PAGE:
AHA asks UnitedHealthcare to reverse ED claims policy

AHA asks UnitedHealthcare to reverse ED claims policy


Numerous healthcare providers and policymakers are publicly speaking out against UnitedHealthcare’s new policy of retroactively denying patients’ emergency care claims that are considered non-emergent.

In a letter to UnitedHealthcare on Wednesday, the American Hospital Association said it is “deeply concerned” about the policy’s potential effect on patients’ access to care and health outcomes.

“Patients are not medical experts and should not be expected to self-diagnose during what they believe is a medical emergency,” the letter said. “Threatening patients with a financial penalty for making the wrong decision could have a chilling effect on seeking emergency care.”

Opponents of the policy argue it is illegal under the prudent layperson standard—which requires insurers to cover emergency department visits based on a patient’s symptoms coming in, instead of their final diagnosis—and could scare people off from receiving necessary treatment.

UnitedHealthcare said it will still cover the costs for ED visits if fully insured commercial members have a presenting problem, such as chest pain, shortness of breath, dizziness or mental confusion, that is considered to be an emergency.

It said conditions will be examined in addition to diagnostic services and other complicating factors and external causes like diabetes or cancer to determine if the presenting problem will be covered.

While the insurer said it wants members to go to the ED, and is still covering ED visits, it intends to deter people who are “chronically using the emergency room for non-emergent or minor conditions.”

So, UnitedHealthcare is also encouraging members to use its digital tools to help check symptoms and connect to appropriate network care options or seek a telehealth appointment with a primary care physician if they are not experiencing an emergency situation.

Molly Smith, group vice president for public policy at AHA, said this policy causes friction and confusion for patients, and could lead to “real consequences” such as excess deaths due to emergency service avoidance.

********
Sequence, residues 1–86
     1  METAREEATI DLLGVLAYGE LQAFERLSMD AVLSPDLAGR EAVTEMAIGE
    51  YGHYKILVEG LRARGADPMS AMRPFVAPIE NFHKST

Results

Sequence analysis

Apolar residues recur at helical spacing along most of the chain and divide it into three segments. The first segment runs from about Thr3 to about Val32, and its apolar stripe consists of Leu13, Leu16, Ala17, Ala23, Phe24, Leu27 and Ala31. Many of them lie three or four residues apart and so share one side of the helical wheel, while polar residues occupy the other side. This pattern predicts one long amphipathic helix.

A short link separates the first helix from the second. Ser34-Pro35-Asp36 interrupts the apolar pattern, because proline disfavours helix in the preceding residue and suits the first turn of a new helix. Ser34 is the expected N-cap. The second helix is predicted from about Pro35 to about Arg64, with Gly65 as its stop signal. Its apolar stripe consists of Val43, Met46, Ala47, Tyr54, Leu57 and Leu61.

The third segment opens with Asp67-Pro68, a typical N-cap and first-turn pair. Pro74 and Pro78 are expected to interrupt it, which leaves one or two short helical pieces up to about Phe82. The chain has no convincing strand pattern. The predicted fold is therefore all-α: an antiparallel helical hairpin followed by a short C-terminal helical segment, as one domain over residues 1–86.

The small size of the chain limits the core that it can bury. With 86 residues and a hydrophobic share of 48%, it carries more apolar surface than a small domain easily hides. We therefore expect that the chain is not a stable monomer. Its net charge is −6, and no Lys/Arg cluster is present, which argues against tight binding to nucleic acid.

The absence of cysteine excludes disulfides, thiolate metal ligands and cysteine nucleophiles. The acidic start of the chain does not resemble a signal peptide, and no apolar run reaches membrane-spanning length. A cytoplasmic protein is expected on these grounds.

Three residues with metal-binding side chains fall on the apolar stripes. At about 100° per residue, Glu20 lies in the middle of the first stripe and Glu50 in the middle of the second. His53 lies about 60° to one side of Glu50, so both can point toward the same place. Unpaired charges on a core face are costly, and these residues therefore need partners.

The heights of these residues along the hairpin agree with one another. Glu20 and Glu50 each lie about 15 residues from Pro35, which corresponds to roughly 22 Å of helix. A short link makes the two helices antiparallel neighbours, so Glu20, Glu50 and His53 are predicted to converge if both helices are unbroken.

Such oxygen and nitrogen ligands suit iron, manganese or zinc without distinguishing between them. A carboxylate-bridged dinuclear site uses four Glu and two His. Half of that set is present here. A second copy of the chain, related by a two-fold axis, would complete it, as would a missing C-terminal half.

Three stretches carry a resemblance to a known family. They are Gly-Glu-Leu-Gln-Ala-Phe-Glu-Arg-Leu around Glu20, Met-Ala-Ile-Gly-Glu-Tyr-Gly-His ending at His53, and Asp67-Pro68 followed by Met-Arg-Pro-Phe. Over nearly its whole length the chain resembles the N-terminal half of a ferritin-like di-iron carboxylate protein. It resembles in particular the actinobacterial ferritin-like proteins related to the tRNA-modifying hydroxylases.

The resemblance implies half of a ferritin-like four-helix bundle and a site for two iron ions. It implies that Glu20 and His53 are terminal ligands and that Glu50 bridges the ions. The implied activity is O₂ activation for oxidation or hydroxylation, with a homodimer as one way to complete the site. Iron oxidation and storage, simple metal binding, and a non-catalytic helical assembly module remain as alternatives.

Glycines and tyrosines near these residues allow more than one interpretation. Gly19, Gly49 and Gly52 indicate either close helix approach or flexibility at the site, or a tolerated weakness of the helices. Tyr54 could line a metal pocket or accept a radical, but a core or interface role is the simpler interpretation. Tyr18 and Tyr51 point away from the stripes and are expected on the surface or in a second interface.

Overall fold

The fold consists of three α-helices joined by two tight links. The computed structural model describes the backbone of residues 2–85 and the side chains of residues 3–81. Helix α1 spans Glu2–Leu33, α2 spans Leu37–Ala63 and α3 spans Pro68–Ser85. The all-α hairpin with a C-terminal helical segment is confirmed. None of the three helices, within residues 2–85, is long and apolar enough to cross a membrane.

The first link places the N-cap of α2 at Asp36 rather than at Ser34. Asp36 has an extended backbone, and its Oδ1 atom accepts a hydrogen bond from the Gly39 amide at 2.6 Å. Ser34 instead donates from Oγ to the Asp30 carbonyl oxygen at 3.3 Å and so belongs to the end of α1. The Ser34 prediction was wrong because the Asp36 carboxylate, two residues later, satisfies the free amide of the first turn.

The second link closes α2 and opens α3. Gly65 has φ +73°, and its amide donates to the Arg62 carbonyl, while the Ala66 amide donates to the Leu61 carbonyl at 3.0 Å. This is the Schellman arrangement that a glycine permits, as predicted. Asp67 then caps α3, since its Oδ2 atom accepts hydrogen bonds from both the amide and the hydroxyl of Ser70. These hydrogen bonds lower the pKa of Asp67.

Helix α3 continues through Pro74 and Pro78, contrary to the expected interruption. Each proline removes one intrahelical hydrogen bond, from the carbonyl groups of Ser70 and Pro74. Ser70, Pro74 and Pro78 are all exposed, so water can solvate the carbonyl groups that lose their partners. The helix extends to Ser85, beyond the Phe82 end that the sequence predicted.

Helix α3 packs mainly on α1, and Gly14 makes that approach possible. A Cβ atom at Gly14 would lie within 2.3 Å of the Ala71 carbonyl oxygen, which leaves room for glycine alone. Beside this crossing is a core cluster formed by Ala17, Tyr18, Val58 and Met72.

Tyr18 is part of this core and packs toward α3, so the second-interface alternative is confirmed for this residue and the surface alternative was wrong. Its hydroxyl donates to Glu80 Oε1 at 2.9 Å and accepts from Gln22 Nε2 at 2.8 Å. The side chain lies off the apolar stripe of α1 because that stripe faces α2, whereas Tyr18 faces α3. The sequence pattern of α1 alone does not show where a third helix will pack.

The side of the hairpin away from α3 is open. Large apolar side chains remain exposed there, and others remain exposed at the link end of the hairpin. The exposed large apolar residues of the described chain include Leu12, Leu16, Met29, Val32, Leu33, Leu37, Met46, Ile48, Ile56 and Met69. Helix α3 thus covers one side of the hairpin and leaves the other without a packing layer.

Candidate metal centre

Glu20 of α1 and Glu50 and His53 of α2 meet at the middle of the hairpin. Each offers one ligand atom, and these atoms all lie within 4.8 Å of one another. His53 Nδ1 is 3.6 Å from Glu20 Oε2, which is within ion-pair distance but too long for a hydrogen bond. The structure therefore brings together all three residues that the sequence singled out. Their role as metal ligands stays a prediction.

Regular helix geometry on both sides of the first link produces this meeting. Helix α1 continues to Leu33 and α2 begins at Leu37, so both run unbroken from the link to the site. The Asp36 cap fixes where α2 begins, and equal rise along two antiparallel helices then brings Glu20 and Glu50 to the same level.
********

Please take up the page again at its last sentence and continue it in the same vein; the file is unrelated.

“It’s really dangerous to create any question in people’s mind about whether they think they’re experiencing an emergency [or] whether or not they should really access emergency services,” Smith said.

Over the past year, UnitedHealthcare has been implementing site of service policies that reduce access to hospital outpatient departments, meaning patients have less options to turn to for care, according to Smith.

Ryan Stanton, emergency physician and board of directors member at the American College of Physicians, said the policy will not save costs as emergency physicians are still obligated to provide care, including a medical screening exam which contributes to a lion’s share of the cost and resources.

“All it is, is another attempt to shift costs to the patients, potentially putting them at risk for financial ruination,” Stanton said.

UnitedHealthcare said going to an ED for care in a non-emergency situation can cost its members up to nine times more when compared to urgent care and 35 times more than a virtual appointment.

It added that if a patient’s claim is classified as a non-emergency, healthcare professionals at the facility where the patient was treated are able to attest that the care given was for an emergency.

Stanton said UnitedHealthcare’s new policy is purposely vague with the types of ED visit claims it will deny, although it would not make much of a difference to deny claims for minor conditions.

“They’re only going to save money and have a significant impact on their bottom line if they deny high cost evaluations which are those challenging abdominal pains and chest pains and headaches and neurologic symptoms and things that can be true emergencies,” Stanton said. “But we don’t know that until we get the evaluation done.”



Source link

About the Author

Marie Maynes
Marie Maynes is a Sports enthusiast and writes for the Sports section of ANH.